Indian Announces 2019 Heavyweight Models

2019 Indian Chief Dark Horse in Thunder Black Smoke.
2019 Indian Chief Dark Horse in Thunder Black Smoke.

Fresh on the heels of its 2019 Scout lineup announcement, Indian has released new information on the 2019 Chief, Springfield and Roadmaster models.

All three heavyweights will benefit from new technology that includes:

Selectable Ride Modes – Riders can choose between three Ride Modes (Tour, Standard or Sport) on the fly.

Rear Cylinder Deactivation – All Thunder Stroke 111 models are now equipped with Rear Cylinder Deactivation. When the engine reaches operating temperature and the ambient temperature exceeds 59 degrees F, the rear cylinder will deactivate when the bike is at a standstill, resulting in less engine heat. The rear cylinder automatically reactivates when throttle is applied.

2019 Indian Roadmaster.
2019 Indian Roadmaster.

Improved Airflow on Roadmaster Lower Fairings – The lower fairings on the 2019 Roadmaster have been redesigned to offer more airflow to the rider. The vent can be adjusted from all the way open to fully closed. The new lowers can be retrofitted to bikes from past model years with the addition of new highway bars.

Enhanced Audio System – The tweeters have been separated from the midrange drivers to optimize sound clarity, and a fully customizable equalizer automatically adjusts each frequency to the optimal level to compensate for road, wind and engine noise.

2019 Indian Springfield.
2019 Indian Springfield.

In addition to the new technology, new paint and styling details have been added to the 2019 Dark Horse lineup.

The 2019 Chief Dark Horse and Springfield Dark Horse now have premium gloss black finishes on the primary, valve and cam covers, push-rod tubes, exhaust and saddlebag hinges.

2019 Indian Springfield Dark Horse in new White Smoke.
2019 Indian Springfield Dark Horse in new White Smoke.

The Springfield Dark Horse is now offered in two colors: Thunder Black Smoke and White Smoke. It also gets the iconic Indian headdress on the front fender and a contrast-cut 19-inch front wheel. Meanwhile, the front highway bars and windshield have been removed to create a more streamlined look.

Pricing for the 2019 Indian Chief Dark Horse starts at $17,999; the Chief Vintage starts at $19,999; the Springfield starts at $20,999; the Springfield Dark Horse starts at $21,499; the Roadmaster starts at $28,999.

12 COMMENTS

  1. Something wrong with the Indian cooling and they need this strategy? Other manufactures have used this strategy when their air cooled engines ran too hot under high load conditions, thus reducing power and its associated heat generated. Water cooling or air/oil cooling should be fine to keep an engine temperature under control.

    Some cars use ignition stop at stop lights to reduce emissions (Jeep Cherokee for one). Is this an emissions related issue for the EPA test cycle on an emissions dyno? Reduce emissions when at idle on the test schedule?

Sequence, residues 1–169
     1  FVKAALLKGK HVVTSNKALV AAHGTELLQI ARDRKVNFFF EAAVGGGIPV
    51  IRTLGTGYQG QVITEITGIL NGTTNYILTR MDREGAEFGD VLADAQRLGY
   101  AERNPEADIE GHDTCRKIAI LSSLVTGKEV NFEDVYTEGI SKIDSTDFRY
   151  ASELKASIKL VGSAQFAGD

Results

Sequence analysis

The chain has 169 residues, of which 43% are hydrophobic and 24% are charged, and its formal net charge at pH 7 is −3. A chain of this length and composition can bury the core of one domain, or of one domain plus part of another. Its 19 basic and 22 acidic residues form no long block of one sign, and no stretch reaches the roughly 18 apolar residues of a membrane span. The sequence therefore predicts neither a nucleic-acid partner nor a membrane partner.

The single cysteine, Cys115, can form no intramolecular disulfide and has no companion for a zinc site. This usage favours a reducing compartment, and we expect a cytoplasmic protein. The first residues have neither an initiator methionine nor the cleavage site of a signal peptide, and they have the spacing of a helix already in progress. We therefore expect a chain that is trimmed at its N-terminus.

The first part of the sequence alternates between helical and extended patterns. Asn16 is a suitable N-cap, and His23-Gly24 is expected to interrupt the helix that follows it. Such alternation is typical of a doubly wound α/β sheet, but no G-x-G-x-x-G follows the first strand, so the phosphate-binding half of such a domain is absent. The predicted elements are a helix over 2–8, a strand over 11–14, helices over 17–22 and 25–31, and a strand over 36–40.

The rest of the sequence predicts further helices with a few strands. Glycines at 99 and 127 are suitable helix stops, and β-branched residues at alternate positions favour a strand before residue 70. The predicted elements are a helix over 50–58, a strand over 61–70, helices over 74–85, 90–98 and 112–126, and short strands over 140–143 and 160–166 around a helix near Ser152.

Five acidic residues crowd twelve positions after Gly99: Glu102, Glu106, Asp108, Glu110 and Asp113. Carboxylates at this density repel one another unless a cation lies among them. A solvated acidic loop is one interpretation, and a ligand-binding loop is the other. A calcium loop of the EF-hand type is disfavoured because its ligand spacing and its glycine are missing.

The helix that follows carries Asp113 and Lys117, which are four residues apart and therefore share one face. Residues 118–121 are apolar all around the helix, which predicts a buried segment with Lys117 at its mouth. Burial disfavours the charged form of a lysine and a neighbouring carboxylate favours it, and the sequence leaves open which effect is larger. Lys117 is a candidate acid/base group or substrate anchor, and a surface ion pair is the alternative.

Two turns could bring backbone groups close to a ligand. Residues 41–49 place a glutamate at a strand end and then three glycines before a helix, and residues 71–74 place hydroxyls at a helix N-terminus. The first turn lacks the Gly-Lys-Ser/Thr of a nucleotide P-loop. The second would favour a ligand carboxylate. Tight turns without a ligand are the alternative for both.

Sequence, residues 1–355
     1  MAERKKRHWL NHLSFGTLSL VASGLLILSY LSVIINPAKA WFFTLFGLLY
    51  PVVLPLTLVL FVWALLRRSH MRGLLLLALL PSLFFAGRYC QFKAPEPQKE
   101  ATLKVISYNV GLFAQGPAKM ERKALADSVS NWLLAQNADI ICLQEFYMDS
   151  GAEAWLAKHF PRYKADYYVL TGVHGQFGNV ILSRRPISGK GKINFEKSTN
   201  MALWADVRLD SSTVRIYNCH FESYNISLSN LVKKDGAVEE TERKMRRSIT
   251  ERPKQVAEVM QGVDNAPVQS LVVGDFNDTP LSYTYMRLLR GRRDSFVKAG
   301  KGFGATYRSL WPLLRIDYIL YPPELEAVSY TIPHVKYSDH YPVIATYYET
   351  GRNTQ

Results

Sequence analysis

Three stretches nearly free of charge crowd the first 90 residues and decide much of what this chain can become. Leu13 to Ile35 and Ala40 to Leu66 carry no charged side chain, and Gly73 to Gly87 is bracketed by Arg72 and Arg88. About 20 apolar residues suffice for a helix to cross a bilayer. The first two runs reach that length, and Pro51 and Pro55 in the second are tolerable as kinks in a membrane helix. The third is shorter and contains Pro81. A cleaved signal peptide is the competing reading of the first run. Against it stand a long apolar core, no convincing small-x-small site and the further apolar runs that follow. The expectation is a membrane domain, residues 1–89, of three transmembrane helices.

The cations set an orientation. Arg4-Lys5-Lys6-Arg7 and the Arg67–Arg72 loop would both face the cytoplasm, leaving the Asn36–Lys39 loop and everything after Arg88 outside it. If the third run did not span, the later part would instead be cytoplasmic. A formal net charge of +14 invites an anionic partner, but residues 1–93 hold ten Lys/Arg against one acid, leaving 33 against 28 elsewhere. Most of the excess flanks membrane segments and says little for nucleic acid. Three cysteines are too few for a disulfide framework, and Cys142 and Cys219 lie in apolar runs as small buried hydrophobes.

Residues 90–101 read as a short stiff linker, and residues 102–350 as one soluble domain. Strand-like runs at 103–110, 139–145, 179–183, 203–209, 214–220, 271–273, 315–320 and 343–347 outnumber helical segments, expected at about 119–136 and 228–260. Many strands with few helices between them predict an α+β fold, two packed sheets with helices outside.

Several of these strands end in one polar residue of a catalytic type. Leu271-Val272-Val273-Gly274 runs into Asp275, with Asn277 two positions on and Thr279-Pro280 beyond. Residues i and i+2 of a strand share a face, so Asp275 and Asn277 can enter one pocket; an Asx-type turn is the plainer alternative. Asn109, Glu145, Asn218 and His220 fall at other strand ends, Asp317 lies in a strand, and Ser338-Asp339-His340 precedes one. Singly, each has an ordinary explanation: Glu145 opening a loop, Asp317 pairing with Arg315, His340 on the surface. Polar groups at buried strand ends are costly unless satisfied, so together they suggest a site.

2. WOW! How exciting is that?! NOT!
    C’Mon Indian. Polaris pulled the plug on Victory so that it could spend $$ on R&D of exciting new Indians. Hope that happens sometime soon… Still really like my King Pin.

  3. Can’t understand the 59° thing either. Design wise, isn’t that like closing the door after the horse has left the barn? Anyway, the Roadmaster starts at $28,999: total cost of ownership is over five years = yikes! That’s a lot of disposable income for a fashion accessory. Not that I wouldn’t want one if I could afford a dozen bikes . . .

  4. Loved Victory bikes. Rode across country 4 times on my Vision model, but I can’t like the Indians, try as I might. Now this stuff, where’s the progress?

  5. The rear cylinder deactivation is so the rider does not over heat when you are stopped at a long light of stuck in traffic.
    Or you could just install one of those great looking leather crotch protectors.

  6. Changes are improvements. The rear cylinder exhaust gets really hot when caught in traffic so deactivation will help. Ride modes are great if they are properly calibrated (we’ll see), and improved speakers are o.k. given the current ones seem fine.

  7. My old Suzuki Cavalcade got over 50 mpg, never made me hot (from engine heat) or overheated. Didn’t need valve adjustments, and Went over 100K miles before I sold it. (Kind of sorry I did!)

    The suspension was something current bikes should look into. Push button to pump up rear suspension. ( Automatically leveled to a sensor.) Worked great. More load, bike leveled, and rode great. Less load, bike leveled, and rode great.
    Had almost as much pulling power as a 6 cyl Gold Wing.

    Best of all, it wasn’t packed with all these computer goodies of today.

  8. Air cooled v-twins are inherently prone to rear cylinder overheating. Manufacturers are constantly trying to compensate with technology that over complicates our machines,Rider modes and such. These are meant to be simple machines!
    .

  9. Now I’ve been researching my next bike and I had narrowed it down between the Harley Roadglide vs the Indian Chieftain Darkhorse, and now I’m hearing of this possible problem with the engine getting too hot on the latter of the two? I was going to dare to be different and choose other than a Harley but if my research proves this to be true with the Indian, I will not be going out on the limb knowing about this heating issue before purchase.

    • I have an M8 Harley Roadglide Special, I also bought a new Indian Chief classic back in 2016. I loved my Indian, ran great, looked great. I decided I needed bags and wanted or tried to trade it in on a Springfield. I couldn’t get a reasonable trade in offer from any Indian dealer ? Wound up with a new Road King to replace the Indian. I never noticed the heat on either the Harley or the Indian ? I like both bikes, I think Polaris did a good job on the Indian.

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